Answer:  This was because the brain had in the false light conditions compensated for the colour cast produced by the green.  The green sensitive photoreceptors (cones) had increased activity in a green environment and then a degree of photoreceptor “exhaustion” had occurred. This led to an under representation of green once in natural environment. (One should always minimise time in portaloos for obvious reasons!!!)


Question 3:  Is there a method to test an individual’s colour sensitivity?
Answer:  The most sensitive  test  is called “Farnsworth-Munsell”.  It’s time consuming and would be expensive to run, but would give one a clear summary of an individual’s colour perception, or in our terminology, our very own colour profile/gamut.  The results would produce a graph very much like the colour gamut produced when profiling a printing paper.

Question 4:  How varied does colour appear to different people?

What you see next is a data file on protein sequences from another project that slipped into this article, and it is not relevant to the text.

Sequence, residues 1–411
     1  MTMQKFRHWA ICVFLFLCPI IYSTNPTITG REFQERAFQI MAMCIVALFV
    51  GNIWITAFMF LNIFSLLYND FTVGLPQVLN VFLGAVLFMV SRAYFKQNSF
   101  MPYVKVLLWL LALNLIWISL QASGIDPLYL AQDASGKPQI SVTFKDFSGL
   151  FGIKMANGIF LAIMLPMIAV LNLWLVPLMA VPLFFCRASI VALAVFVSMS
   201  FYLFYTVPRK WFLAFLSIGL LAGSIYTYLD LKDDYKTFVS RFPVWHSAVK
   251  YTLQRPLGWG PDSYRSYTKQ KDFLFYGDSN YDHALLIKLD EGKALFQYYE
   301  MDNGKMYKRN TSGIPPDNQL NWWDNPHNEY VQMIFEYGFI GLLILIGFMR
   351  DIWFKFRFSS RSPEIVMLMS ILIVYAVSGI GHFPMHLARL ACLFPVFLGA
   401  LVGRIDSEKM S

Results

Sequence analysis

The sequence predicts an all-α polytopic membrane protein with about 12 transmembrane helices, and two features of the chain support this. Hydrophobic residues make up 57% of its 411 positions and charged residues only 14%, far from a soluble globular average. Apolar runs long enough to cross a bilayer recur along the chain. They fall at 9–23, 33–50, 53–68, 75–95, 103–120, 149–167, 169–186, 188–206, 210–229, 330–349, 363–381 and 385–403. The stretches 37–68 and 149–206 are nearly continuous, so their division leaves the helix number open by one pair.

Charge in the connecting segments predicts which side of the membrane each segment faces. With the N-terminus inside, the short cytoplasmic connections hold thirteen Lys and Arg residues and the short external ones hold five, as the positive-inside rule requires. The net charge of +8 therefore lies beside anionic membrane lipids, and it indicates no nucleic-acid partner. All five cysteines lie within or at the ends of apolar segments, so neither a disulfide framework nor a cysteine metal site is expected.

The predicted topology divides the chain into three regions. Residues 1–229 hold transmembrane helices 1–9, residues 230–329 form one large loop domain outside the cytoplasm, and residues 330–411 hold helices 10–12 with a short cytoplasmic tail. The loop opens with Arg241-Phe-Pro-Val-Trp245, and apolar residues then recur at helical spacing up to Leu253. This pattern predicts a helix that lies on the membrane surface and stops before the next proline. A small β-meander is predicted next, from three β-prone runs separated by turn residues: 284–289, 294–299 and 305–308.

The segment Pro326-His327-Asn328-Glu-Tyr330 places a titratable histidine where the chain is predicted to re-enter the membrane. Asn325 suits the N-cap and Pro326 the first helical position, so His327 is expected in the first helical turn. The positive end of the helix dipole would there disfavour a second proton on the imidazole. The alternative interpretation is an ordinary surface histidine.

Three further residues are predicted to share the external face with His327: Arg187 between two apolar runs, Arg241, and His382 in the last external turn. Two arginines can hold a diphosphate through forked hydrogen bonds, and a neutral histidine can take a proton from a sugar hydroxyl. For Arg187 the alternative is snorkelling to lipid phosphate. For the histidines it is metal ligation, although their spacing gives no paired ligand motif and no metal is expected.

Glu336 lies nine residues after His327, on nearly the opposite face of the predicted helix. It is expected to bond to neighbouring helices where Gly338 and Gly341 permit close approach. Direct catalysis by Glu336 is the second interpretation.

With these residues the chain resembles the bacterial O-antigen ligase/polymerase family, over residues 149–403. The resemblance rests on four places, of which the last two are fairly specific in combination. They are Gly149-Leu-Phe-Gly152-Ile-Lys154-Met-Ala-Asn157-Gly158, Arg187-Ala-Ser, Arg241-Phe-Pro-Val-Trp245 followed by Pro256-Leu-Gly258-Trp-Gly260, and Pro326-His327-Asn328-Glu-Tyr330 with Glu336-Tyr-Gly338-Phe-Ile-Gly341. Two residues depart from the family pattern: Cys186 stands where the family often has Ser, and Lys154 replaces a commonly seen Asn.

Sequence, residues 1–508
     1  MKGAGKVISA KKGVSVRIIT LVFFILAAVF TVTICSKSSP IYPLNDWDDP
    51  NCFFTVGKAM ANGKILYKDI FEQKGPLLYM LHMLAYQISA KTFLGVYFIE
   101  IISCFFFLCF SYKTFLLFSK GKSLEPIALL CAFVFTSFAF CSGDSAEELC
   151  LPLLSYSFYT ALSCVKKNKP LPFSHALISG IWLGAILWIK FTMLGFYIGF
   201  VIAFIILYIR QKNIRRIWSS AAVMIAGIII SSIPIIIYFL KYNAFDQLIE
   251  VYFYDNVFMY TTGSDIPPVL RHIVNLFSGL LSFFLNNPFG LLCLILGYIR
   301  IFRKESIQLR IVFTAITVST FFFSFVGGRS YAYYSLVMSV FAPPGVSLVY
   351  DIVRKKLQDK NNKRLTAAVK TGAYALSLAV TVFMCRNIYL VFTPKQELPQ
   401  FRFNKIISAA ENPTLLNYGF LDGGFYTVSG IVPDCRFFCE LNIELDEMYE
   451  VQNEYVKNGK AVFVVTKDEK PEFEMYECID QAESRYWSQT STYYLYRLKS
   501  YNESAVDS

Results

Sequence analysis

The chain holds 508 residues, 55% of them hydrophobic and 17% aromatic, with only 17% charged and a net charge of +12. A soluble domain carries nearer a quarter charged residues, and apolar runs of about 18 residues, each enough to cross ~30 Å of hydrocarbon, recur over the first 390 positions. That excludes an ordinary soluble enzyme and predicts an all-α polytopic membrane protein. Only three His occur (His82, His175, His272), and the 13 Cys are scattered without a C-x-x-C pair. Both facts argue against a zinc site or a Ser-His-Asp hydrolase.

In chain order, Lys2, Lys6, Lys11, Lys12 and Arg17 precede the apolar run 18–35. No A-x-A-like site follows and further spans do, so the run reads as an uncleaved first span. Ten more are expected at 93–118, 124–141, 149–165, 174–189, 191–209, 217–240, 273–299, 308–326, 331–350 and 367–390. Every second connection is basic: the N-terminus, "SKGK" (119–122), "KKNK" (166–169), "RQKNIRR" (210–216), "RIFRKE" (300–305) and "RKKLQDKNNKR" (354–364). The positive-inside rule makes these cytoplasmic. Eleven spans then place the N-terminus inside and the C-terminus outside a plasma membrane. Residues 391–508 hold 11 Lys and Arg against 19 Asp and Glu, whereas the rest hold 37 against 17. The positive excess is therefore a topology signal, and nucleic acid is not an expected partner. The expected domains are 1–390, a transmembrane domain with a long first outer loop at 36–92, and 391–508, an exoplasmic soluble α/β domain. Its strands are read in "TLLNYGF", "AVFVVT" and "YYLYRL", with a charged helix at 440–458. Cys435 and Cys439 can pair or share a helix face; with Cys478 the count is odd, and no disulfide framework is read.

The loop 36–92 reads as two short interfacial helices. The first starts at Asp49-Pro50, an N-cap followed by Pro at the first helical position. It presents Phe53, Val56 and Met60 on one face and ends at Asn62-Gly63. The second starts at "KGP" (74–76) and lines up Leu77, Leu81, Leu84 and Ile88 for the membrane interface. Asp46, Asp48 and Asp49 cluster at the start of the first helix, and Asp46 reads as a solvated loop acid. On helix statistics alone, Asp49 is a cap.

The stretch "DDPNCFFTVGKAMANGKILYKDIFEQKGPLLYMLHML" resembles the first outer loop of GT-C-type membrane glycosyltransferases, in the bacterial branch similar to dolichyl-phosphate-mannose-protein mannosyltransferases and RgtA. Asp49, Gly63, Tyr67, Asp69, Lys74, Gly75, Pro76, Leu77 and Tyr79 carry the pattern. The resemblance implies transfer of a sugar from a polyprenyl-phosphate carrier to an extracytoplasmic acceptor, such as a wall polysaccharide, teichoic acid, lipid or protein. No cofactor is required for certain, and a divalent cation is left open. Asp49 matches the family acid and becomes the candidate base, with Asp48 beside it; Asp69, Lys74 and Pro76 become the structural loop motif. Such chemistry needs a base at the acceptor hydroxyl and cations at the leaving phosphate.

Answer:  Generally, on average, women are more sensitive to colour variations than men are. (Men are more likely to have a degree of colour blindness which can vary from mild to complete - this is usually RED- GREEN. Female colour blindness is less common but when present, is usually more severe).  Dr Carey did not have any survey statistics available, but said a rough estimate would be that only 30% of people could differentiate finite colour casts. 

This begs the question:  How do we judge the colour in images when editing them for print?

The starting point would be to use a good IPS  (In-Plane Switching) monitor. Your monitor should be calibrated with a monitor calibrator, i.e. a Spyder Display Calibrator.

As explained in a very informative article: “IPS displays were designed to improve on the flaws of LCD technology, primarily in regards to the poor viewing angles and colour reproduction. They do this by simply altering the direction of the pixels within the display (parallel instead of perpendicular pixels). Of course, it really isn’t that simple and neither is explaining it. So let’s just leave it at that ;)”

Below an IPS display remains stable when viewing from an angle, as opposed to the next illustration of an LCD display viewed from an angle:

Below an LCD display – An LCD display viewed from an angle creates problems because the tones varie from one side to the other:


And finally, below are two images that show the difference in colour on screen and in print:"


Thank you so much for the insightful article, Paul!